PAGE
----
Thank you for your recent article on Maine’s new Educare center, which should serve as a model for how Maine communities can provide the highest quality early care and education for our children (“New Educare center leads the way,” Sept. 6).

Such high-quality early learning programs are critically important to our future.

Not only do these programs help our children succeed in school and provide a boost for our state economy, but they also can play an important role in reducing future crime.

Two well-known long-term studies show us that at-risk kids who do not receive high-quality early education and care are far more likely to be arrested for a violent crime by the time they reach adulthood.

In addition, studies show that children who do not participate in these programs are less likely to graduate from high school on time and be employed.

The research is clear: Educare is not only a powerful tool for education. It also represents one of the best crime prevention tools we have.

Richard Rizzo
chief of police

I was pleased to read the Sept. 6 article about New England’s first Educare center. The Waterville facility sets a gold standard for the highest quality early education for Maine’s youngest citizens.

High quality early education is also good for Maine’s businesses and economy. A report from the national business leader organization, Americas Edge, found these investments provide a strong boost to local businesses — generating as much or more in sales of local goods and services as investments in construction, manufacturing, transportation or utilities.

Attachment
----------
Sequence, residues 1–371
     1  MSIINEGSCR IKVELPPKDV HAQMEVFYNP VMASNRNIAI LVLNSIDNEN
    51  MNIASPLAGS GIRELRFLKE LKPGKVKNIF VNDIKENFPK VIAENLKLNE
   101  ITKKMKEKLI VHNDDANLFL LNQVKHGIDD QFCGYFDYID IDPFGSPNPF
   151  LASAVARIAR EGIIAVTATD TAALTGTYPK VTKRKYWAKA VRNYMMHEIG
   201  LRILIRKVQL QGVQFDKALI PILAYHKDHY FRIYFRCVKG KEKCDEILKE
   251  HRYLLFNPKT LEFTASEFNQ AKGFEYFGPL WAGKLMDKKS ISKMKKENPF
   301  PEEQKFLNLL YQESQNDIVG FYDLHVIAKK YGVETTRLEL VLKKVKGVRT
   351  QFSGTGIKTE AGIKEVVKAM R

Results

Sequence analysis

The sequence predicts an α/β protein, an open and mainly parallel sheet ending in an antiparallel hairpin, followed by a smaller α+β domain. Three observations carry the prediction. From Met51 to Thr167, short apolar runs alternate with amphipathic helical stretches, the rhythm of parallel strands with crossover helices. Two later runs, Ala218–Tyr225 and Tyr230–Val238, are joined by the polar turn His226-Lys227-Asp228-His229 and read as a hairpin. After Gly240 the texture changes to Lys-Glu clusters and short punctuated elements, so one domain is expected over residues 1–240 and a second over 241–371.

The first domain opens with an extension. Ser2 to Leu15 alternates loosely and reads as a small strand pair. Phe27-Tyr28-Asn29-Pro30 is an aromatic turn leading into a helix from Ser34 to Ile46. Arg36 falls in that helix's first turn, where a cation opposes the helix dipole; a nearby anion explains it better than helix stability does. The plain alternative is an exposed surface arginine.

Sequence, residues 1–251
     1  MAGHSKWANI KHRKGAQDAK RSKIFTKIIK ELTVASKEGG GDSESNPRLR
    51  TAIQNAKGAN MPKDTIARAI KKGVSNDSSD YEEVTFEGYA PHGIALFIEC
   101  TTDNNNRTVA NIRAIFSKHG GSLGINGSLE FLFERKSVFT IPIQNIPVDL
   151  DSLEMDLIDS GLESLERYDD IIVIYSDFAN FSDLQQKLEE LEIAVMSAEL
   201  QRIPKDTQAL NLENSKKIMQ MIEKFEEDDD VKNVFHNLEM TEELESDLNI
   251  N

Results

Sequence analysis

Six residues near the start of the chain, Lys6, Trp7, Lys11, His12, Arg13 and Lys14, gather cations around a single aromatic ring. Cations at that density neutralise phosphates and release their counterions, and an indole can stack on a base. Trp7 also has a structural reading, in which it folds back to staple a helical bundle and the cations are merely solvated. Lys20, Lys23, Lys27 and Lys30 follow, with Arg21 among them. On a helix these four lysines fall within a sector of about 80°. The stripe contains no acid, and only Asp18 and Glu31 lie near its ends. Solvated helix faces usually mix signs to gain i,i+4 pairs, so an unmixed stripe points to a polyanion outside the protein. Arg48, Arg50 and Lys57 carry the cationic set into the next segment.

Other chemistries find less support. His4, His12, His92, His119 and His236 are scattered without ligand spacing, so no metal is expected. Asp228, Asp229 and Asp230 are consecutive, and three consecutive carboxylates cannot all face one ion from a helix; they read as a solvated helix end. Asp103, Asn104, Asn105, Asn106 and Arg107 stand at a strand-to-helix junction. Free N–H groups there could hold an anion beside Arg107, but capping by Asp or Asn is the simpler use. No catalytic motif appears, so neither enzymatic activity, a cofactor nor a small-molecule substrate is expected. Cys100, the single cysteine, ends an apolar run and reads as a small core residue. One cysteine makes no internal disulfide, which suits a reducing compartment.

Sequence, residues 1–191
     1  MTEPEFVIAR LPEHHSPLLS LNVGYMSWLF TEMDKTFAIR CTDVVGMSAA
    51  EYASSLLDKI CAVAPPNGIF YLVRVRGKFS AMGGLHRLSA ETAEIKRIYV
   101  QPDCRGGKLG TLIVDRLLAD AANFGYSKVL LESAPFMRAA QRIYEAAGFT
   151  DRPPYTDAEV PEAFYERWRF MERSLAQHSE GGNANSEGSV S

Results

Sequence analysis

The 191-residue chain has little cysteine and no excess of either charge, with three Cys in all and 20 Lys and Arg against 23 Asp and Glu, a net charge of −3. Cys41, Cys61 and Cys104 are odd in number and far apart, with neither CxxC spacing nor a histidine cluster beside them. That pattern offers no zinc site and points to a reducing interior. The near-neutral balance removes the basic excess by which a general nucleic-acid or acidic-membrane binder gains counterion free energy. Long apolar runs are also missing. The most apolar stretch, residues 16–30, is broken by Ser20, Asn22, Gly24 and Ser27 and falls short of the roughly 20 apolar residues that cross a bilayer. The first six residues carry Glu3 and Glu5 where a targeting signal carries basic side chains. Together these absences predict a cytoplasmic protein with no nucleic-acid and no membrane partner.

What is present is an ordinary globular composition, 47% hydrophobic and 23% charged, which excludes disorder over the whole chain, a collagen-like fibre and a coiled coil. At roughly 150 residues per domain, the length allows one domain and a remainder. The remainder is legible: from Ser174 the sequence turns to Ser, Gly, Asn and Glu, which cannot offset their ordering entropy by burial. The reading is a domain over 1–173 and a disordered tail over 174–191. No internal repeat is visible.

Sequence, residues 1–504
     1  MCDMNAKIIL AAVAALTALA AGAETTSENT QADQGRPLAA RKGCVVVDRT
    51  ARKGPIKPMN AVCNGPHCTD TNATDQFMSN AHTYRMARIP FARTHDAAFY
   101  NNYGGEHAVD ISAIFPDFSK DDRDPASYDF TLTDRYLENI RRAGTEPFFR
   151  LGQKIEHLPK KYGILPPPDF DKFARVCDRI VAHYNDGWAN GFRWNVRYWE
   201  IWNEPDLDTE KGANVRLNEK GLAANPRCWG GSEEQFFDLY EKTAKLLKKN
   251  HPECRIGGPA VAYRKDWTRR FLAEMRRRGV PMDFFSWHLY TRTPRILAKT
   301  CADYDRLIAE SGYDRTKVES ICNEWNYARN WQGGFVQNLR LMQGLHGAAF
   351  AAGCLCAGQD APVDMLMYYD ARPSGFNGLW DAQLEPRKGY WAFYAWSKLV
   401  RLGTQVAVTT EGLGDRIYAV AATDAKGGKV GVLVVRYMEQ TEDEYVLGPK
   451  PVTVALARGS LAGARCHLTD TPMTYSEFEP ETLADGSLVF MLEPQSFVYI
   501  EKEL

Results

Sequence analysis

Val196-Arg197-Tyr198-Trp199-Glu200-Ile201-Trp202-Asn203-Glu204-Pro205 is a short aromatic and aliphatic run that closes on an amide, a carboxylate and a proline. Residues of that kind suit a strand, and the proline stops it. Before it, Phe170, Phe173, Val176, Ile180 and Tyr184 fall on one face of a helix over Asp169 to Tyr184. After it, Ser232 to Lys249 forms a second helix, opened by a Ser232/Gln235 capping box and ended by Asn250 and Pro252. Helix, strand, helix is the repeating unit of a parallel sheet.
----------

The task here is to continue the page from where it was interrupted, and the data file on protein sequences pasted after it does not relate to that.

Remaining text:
In fact, almost $2 is generated from every $1 invested in high-quality early learning. These investments would also create new jobs and reduce the significant monetary losses to businesses from absenteeism caused be employees’ childcare problems.

These programs also benefit businesses in the long term. Children who participate in high-quality early learning programs are significantly more likely to enter school with the underlying skills needed to succeed in school and later in the workforce.

These programs have been proven to increase graduation rates and increase rates of employment by as much as 22 percent.

Educare will provide Maine with an amazing learning laboratory. It is my hope that the youngsters there will grow up to become Maine’s future community and business leaders.

I also hope that Maine’s next governor and legislators will pay close attention to the lessons we learn from Educare and work to ensure that such high-quality early education and care is made available to more Maine children all across our state.

Chris Emmons
president and CEO
Gorham Savings Bank

How much noise do windmills make? That’s a good question 

In a letter dated Sept. 9 and addressed to the Department of Environmental Protection, the state’s consultant on wind turbine noise writes, “ there exists a significant body of consistent meteorological and sound data indicating sound levels greater than applicable limits. Substantial changes are recommended for Fox Island Wind’s nighttime operations, limiting sound levels to 45 (decibels).”

This was posted on FIW’s website in response: “A preliminary report released recently by a sound consultant engaged by MDEP has raised questions about measured nighttime sound levels around the project. An initial review of this report performed by (FIW) has revealed an apparent discrepancy between data analysis methodologies employed by the sound consultants. The discrepancy appears to be in the way that naturally occurring ambient noise around the site has been accounted for.

“(FIW) looks forward to engaging in further discussion with the Maine DEP on the appropriate interpretation of the recent data analysis and the degree to which existing ambient sound levels are taken into consideration.”